July 12, 2007 A new study shows that the activity of a particular gene can identify people who have a more lethal form of acute myeloid leukemia, singling out those patients who should receive more intense therapy.
The gene, called ERG (for ETS-related gene), has also been linked to chronic leukemia and to breast and prostate cancer.
The findings apply to acute myeloid leukemia (AML) patients with leukemia cells that have normal-looking chromosomes, a feature that occurs in about half of AML patients.
Among these patients, those with leukemia cells showing high ERG activity are almost six times more likely to relapse or die within five years than are patients with low ERG expression following standard therapy.
The Cancer and Leukemia Group B study was initiated by researchers at the Ohio State University Comprehensive Cancer Center, and their findings were published online in the Journal of Clinical Oncology.
“Our study shows that high ERG activity predicts a poor prognosis in these patients, even when other molecular markers are taken into consideration,” says first author Guido Marcucci, associate professor of internal medicine and an AML specialist at Ohio State's James Cancer Hospital and Solove Research Institute.
“The findings mean that these patients require a stem-cell transplant or other aggressive therapy, and that patients with low ERG activity can be treated using standard therapy.”
The research confirms a 2005 study led by the same Ohio State researchers in a completely independent set of patients, Marcucci says.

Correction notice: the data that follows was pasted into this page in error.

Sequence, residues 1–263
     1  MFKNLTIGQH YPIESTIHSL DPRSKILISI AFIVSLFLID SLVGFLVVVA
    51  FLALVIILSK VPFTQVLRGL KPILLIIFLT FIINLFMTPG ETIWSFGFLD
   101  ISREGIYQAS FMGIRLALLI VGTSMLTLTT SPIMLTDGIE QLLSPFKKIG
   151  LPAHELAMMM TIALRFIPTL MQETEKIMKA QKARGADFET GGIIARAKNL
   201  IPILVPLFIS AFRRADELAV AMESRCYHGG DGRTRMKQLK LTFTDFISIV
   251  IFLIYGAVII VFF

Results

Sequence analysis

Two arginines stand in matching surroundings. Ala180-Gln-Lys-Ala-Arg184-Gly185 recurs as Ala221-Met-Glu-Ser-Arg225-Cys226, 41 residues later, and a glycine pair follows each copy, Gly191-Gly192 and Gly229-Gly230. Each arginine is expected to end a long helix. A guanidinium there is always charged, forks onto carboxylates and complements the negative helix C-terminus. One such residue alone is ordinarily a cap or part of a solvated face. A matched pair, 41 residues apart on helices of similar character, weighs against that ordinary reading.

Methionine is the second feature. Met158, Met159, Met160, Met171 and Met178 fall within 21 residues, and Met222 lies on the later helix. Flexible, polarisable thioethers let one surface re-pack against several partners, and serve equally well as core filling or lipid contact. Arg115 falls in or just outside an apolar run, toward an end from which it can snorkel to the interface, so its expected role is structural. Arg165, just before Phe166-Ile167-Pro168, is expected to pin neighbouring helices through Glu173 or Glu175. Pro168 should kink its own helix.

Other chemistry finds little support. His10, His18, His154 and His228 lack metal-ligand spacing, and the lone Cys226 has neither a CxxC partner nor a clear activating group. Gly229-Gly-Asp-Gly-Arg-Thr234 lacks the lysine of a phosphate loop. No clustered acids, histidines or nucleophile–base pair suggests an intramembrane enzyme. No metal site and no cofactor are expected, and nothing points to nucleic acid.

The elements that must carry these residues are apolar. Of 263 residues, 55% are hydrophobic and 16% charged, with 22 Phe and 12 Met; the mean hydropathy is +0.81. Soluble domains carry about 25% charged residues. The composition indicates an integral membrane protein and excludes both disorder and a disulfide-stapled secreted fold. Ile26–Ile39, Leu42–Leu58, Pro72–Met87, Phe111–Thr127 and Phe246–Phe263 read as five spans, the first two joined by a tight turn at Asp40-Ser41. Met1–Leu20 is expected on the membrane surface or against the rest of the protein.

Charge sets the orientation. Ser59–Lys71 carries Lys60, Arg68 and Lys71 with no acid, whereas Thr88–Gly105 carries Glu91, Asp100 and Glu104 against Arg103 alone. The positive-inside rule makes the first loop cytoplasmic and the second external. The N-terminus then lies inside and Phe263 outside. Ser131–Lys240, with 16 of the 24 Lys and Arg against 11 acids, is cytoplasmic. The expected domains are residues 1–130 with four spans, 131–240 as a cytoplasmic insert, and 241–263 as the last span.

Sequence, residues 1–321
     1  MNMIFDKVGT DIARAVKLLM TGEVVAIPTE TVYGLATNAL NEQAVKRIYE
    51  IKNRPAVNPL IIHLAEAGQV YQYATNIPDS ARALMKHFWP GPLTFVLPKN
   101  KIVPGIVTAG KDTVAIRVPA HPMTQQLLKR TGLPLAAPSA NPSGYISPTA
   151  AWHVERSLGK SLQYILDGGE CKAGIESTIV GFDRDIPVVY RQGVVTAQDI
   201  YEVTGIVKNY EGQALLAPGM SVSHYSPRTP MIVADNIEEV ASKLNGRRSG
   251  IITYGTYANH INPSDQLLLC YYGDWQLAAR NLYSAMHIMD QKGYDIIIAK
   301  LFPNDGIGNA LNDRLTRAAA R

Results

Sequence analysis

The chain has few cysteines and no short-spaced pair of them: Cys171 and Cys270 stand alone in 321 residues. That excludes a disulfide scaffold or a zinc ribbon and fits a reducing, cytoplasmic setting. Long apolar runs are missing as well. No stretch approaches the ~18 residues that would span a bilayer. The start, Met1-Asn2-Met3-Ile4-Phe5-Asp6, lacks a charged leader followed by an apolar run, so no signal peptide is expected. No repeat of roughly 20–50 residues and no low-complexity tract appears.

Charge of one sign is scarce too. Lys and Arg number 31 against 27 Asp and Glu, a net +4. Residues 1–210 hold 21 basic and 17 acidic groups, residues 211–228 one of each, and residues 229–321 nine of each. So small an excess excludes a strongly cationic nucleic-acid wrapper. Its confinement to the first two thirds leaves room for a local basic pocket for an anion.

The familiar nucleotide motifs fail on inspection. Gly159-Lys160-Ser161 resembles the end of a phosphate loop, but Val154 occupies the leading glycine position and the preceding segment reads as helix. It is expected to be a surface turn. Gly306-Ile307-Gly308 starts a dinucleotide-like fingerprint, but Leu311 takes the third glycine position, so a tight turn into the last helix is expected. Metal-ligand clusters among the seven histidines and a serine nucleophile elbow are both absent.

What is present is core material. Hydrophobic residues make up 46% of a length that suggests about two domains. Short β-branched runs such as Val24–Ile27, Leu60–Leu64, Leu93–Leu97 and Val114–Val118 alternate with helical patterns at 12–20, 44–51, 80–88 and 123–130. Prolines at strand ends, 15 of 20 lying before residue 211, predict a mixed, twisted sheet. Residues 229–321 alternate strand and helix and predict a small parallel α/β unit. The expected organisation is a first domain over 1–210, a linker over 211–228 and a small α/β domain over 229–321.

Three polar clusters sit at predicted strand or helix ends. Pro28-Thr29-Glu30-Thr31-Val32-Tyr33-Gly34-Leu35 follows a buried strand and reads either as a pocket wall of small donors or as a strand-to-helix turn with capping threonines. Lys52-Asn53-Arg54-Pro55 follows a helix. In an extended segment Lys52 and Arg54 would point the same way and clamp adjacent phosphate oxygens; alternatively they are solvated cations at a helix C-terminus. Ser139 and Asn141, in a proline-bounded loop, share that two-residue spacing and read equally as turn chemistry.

“Both studies together further refine the molecular classification of AML in this group of patients and should help us improve treatment outcomes,” says principal investigator Clara D. Bloomfield, professor of internal medicine, and an internationally recognized specialist in AML.
About 13,400 new cases of AML are expected this year, and a little more than half will have leukemia cells with normal-looking chromosomes. The rest will have chromosomes that show distinctive damage. In these patients, the type of damage helps doctors determine the best therapy and an individual's prognosis.
In 2005, Bloomfield, Marcucci and colleagues were the first to show that high ERG levels predicted a poor response to therapy in patients whose cancer cells have normal-looking chromosomes.
The present study was designed to verify that finding in a separate group of 76 AML patients under 60 years of age. It also took into consideration other genetic markers that signal whether the disease will respond well or poorly to standard therapy.
“We showed very similar results in this completely separate group of patients,” Marcucci says. “After two years, only 29 percent of patients with high ERG were disease-free and alive versus 53 percent of patients with low ERG activity.”
Funding from the National Cancer Institute and The Coleman Leukemia Research Foundation supported this research.
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